12.  London Implementation Group (1993). Report of the Cardiac Specialty Review Group. London, HMSO.

  13.  Williams, BT and Nicholl, JP (1994). Patient characteristics and clinical caseload of short stay independent hospitals in England and Wales 1992-93. British Medical Journal; 308: 1699-1701.

  14.  IACC (1993). Observations on the workload of consultant surgeons. Unpublished confidential report to the Chairman and Co-ordinator of the Cardiac Specialty Review Group.

  15.  Monopolies and Mergers Commission (1994). Private Medical Services: a report on agreements and practices relating to charges for the supply of private medical services by NHS consultants. London, HMSO.

  16.  Lane, R and Reeves, B (1999). Consultant workload: a report of a confidential enquiry 1999. London, Association of Surgeons of Great Britain and Ireland.

  17.  UK Specialists' Fees—is the price right? 1992; Eastleigh, Norwich Union Healthcare.

  18.  A very private practice. Health Which? December 1998, p 16.

  19.  Harley M, Jayes, B and Yates, J (1999). Long and Short Waiting Times in ENT. A report commissioned by the Department of Health. Birmingham, University of Birmingham. Inter-Authority Comparisons & Consultancy.

  20.  Harley, MJ and Yates, JM (1998). Consultant workload in Trauma and Orthopaedics. A report for the Department of Health. Birmingham, University of Birmingham. Inter-Authority Comparisons & Consultancy.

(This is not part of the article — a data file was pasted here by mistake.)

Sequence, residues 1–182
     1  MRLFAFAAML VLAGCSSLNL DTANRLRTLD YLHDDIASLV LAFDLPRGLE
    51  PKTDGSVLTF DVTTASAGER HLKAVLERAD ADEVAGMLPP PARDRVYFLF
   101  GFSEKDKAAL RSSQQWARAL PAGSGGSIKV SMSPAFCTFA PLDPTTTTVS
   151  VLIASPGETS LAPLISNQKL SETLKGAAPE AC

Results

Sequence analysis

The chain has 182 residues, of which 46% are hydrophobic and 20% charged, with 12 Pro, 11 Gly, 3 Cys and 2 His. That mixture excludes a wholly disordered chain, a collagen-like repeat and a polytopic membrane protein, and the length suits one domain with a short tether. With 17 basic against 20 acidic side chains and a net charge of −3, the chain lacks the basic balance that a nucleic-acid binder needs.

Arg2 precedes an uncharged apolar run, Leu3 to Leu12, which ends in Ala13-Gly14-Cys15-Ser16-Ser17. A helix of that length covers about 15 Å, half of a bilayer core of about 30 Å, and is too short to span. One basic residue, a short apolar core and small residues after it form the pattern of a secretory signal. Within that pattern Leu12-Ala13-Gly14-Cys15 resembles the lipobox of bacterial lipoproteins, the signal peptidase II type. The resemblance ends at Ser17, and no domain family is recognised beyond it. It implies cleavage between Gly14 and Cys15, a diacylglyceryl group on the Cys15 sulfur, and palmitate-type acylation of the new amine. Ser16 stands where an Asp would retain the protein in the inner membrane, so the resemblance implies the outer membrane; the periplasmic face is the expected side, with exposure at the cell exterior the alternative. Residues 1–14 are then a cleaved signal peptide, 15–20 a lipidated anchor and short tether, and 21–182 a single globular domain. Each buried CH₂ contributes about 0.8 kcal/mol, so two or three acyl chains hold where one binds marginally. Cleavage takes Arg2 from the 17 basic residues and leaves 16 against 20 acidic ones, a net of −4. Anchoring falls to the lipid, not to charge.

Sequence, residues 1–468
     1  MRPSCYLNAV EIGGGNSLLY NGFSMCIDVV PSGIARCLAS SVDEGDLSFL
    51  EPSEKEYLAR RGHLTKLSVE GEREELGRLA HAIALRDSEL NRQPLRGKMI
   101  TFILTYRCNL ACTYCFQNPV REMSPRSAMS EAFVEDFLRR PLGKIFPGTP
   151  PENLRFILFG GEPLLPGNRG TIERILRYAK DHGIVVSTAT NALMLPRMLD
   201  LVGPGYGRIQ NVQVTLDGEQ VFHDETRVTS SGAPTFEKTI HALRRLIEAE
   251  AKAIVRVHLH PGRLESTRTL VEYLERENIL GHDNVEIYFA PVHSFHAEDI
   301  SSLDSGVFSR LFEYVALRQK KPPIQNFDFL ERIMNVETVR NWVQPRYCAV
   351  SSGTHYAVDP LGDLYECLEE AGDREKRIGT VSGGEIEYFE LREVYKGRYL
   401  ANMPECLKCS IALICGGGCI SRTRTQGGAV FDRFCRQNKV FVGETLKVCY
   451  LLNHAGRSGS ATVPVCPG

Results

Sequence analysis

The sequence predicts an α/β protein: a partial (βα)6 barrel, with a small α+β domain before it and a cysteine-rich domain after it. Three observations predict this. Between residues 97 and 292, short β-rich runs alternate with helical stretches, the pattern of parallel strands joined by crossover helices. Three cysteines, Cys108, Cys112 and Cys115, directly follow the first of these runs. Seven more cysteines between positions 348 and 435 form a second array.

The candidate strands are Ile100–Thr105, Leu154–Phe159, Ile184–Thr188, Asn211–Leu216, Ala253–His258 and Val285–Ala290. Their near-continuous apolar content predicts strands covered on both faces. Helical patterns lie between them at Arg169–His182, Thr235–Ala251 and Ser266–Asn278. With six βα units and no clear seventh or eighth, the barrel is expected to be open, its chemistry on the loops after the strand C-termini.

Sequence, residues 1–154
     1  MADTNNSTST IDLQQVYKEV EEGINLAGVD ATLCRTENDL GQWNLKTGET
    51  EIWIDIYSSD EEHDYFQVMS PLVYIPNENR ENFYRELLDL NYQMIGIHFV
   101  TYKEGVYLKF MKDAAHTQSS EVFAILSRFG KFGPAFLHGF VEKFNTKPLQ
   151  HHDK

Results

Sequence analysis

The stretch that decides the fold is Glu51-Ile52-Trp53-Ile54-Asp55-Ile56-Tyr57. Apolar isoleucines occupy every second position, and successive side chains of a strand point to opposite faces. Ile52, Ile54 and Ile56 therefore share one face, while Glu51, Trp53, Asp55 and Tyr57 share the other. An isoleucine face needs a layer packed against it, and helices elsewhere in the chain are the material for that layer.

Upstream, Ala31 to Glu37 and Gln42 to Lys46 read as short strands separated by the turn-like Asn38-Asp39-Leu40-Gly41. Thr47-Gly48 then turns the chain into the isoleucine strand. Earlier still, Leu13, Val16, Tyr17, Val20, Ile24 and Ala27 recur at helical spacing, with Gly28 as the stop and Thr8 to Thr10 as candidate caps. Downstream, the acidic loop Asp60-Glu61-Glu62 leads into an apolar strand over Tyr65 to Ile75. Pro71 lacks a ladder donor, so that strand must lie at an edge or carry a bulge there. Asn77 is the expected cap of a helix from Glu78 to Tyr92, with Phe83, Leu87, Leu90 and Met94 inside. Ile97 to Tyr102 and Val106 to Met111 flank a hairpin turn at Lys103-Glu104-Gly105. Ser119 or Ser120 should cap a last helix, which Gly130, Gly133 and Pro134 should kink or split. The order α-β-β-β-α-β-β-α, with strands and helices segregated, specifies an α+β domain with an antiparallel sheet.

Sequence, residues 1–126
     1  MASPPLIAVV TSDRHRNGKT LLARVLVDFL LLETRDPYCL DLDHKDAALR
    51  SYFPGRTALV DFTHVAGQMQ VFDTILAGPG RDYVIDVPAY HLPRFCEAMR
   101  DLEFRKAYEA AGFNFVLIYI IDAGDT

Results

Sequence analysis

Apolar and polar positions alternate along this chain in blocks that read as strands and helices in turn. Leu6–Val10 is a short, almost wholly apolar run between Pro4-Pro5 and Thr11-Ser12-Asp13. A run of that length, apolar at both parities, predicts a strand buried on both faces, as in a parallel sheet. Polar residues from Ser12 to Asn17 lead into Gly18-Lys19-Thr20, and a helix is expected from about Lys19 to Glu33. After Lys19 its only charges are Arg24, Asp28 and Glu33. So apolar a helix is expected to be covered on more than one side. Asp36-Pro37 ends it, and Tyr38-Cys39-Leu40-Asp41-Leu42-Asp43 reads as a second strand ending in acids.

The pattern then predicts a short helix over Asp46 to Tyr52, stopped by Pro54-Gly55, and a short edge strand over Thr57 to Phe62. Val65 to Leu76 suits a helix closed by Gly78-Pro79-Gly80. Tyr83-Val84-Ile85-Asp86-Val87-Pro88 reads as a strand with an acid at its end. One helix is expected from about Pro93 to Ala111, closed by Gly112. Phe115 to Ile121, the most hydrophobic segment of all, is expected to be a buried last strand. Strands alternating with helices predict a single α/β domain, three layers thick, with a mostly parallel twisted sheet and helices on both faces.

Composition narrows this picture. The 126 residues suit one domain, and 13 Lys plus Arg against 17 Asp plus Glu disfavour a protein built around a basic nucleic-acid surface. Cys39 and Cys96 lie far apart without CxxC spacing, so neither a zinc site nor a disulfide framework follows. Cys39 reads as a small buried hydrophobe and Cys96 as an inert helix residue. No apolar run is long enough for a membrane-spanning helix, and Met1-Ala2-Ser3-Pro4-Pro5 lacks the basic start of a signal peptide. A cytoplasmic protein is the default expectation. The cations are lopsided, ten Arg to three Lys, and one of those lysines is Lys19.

21.  Audit Commission (1995). The doctors' tale: the work of hospital doctors in England and Wales. London, HMSO.

  22.  Audit Commission (1996). The doctors' tale continued: the audits of hospital medical staffing. London, HMSO.

  23.  Laing's Healthcare Market Review 1999-2000; pp 81-83. London, Laing & Buisson Ltd.

  24.  Harley, M, Jayes, R and Yates, J (2000). The allocation and use of Trauma & Orthopaedic Operating Theatres in Two English Regions. Birmingham, IACC, Health Services Management Centre, University of Birmingham.

  25.  Phillips, H (2000). Held back by woeful lack of resources. Health Service Journal; 18 May: p 23 (Letter).

  26.  The Fitzhugh Directory of Independent Healthcare and Long Term Care: Financial Information 1999-2000. London, Health Care Information Services.

  27.  House of Commons, Committee of Public Accounts (1990). The NHS and Independent Hospitals. Twenty-eighth Report. London, HMSO.

  28.  House of Commons, Health Committee (1991). Public Expenditure on Health Services: Waiting Lists. First Report. London, HMSO.

  29.  House of Commons, Welsh Affairs Committee (1991). Elective Surgery, Volume 1, Sixth Report. London, HMSO.

  30.  The Labour Party (1995). Renewing the NHS: Labour's agenda for a healthier Britain. London, The Labour Party.

  31.  Acheson, D (Chairman) (1998). Independent Inquiry into inequalities in health. London, The Stationery Office.

  32.  Baldwin, T (2000). Consultants' pay structure "key factors in waiting lists". The Times; 19 May: p 4.